Senter for vitenskapsteori

Dr. Arjan Wardekker (University of Utrecht): Framing urban resilience: Diverging views on governance and knowledge for climate resilient & sustainable cities.

Cities worldwide face numerous complex and interacting challenges, including climate change. Many cities strive to become more resilient to the shocks and stresses that are related to these. The notion of urban resilience has become highly popular in both research and practice over the past years. It is a holistic, positive way to discuss climate change adaptation, disaster risk management, and other policies. However, the concept is inherently rather malleable, and people have diverging interpretations of what it means. For instance: what does resilience-building contribute to, what are the problems, causes and solutions that it emphasises, and what trade-offs, side-effects and other normative choices are acceptable?

I will discuss different ways of framing urban resilience based on examples from the urban resilience literature and examples of how cities in practice try to shape (climate) resilience plans and policies. Important framing contrasts include ‘system resilience’ versus ‘community resilience’ and ‘equilibrium resilience’ versus ‘evolutionary resilience’. Different framings of urban resilience can result in a ‘dialogue of the deaf’ among stakeholders in discussions on practical adaptation measures; people may seem to agree, but in reality have different ideas on what was agreed. Framing also has wider implications for how we envision building climate resilient and sustainable cities. It links with different governance approaches (e.g. who is involved in decision-making?), different perceived knowledge needs (e.g. what kind of science is relevant?), and likely also with different urban policy challenges (e.g. the SDGs?).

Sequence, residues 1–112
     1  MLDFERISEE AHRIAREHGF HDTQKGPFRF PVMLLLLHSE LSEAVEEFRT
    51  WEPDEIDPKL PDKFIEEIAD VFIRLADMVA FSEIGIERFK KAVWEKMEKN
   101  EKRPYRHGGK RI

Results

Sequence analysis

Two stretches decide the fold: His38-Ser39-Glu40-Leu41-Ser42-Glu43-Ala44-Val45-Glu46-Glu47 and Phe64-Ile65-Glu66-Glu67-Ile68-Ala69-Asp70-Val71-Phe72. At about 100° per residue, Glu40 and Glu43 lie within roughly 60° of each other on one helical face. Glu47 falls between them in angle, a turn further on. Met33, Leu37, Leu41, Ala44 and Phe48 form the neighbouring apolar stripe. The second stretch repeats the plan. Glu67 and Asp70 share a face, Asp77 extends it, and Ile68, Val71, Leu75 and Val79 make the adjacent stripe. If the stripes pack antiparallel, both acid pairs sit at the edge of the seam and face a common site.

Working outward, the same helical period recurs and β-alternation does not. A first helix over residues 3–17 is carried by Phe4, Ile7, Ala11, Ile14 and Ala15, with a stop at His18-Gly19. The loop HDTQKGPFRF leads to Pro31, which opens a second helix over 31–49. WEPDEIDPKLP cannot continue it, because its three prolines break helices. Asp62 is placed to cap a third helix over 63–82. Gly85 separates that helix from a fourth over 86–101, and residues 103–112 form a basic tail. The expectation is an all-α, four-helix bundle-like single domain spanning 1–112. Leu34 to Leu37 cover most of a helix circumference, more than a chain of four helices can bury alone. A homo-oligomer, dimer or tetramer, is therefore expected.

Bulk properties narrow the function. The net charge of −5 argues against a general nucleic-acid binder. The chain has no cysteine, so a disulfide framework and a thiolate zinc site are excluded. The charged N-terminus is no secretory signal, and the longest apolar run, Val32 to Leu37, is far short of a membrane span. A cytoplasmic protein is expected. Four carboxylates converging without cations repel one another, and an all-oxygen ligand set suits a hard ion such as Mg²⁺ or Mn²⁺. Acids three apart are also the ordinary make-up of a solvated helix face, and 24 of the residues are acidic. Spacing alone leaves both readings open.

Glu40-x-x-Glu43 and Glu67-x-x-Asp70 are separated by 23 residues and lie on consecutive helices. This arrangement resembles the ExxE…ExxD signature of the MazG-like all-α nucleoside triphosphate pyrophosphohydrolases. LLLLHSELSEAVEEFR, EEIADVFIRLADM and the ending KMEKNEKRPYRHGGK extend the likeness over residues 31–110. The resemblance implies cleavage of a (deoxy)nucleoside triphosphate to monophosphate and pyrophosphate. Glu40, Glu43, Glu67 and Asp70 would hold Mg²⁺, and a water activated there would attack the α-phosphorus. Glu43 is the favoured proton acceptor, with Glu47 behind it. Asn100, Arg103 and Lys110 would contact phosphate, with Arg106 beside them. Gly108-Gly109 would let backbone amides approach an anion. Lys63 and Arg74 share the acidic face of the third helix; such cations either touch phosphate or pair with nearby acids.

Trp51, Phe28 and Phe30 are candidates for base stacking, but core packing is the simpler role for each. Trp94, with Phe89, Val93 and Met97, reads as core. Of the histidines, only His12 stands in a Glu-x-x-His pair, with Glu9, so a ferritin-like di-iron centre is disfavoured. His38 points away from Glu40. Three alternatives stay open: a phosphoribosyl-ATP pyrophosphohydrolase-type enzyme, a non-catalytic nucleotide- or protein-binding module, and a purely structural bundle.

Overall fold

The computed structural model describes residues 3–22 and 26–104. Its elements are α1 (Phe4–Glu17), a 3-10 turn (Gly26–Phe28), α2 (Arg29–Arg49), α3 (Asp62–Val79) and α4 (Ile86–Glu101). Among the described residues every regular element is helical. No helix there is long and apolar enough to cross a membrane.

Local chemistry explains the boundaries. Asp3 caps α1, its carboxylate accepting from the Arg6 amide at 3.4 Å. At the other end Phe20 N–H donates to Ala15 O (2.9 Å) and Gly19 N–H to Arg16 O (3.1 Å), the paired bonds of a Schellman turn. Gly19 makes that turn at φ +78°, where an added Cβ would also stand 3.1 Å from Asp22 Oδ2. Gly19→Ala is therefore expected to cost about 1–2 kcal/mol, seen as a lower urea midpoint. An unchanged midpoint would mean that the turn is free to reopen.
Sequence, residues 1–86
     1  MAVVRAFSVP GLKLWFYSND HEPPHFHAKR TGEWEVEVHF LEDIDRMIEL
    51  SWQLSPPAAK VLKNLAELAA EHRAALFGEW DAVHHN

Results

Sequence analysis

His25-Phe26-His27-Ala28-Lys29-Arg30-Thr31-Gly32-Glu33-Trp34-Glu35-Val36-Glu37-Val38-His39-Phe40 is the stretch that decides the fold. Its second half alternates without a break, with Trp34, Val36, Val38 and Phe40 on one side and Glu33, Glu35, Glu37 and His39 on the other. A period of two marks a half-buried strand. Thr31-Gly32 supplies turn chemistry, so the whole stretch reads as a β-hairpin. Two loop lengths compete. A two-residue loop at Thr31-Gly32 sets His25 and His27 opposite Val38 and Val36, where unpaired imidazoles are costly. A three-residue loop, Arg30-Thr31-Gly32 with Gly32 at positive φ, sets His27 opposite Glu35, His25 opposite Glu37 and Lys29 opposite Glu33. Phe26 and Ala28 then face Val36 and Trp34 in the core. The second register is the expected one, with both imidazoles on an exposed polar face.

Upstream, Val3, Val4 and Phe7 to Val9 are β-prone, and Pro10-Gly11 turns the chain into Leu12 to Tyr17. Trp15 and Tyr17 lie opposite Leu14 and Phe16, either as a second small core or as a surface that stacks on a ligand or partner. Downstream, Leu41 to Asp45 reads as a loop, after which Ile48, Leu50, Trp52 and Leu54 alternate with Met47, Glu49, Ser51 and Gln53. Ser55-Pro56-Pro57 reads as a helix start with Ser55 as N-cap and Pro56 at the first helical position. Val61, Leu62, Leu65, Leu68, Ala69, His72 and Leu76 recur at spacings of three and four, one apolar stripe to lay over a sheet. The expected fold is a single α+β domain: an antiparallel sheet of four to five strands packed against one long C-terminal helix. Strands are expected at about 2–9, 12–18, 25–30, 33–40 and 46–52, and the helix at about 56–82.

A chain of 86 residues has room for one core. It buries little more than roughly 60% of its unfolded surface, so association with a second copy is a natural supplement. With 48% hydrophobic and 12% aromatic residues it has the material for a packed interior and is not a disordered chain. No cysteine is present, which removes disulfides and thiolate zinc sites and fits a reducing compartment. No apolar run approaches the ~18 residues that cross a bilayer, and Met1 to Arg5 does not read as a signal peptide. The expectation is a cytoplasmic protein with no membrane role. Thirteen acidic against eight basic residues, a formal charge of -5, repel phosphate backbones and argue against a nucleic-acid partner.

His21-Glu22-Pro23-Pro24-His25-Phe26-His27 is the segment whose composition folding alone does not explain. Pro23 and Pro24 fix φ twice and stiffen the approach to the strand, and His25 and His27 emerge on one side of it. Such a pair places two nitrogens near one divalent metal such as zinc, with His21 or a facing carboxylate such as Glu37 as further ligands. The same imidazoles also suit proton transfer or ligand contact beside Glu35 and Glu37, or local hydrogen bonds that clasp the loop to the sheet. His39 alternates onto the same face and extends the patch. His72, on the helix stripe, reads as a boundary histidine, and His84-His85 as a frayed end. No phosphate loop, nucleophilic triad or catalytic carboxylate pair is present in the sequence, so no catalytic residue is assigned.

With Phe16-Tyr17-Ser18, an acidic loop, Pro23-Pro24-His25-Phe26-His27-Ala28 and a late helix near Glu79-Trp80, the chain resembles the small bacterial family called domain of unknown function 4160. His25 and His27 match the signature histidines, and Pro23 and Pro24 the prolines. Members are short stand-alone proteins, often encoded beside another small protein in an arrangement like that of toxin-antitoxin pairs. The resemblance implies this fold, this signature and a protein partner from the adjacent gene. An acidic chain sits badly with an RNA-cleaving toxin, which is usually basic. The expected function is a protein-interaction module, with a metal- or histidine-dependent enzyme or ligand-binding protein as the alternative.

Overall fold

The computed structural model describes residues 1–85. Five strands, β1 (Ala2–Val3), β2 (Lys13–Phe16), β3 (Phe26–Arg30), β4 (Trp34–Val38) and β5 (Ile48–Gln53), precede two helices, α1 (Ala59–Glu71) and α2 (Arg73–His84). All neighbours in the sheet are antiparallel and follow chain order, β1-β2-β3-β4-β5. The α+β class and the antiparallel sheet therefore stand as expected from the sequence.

Dr. Arjan Wardekker is a Senior Researcher at the Copernicus Institute of Sustainable Development, Utrecht University, and a Visiting Researcher at the Centre for the Study of the Sciences and the Humanities, University of Bergen.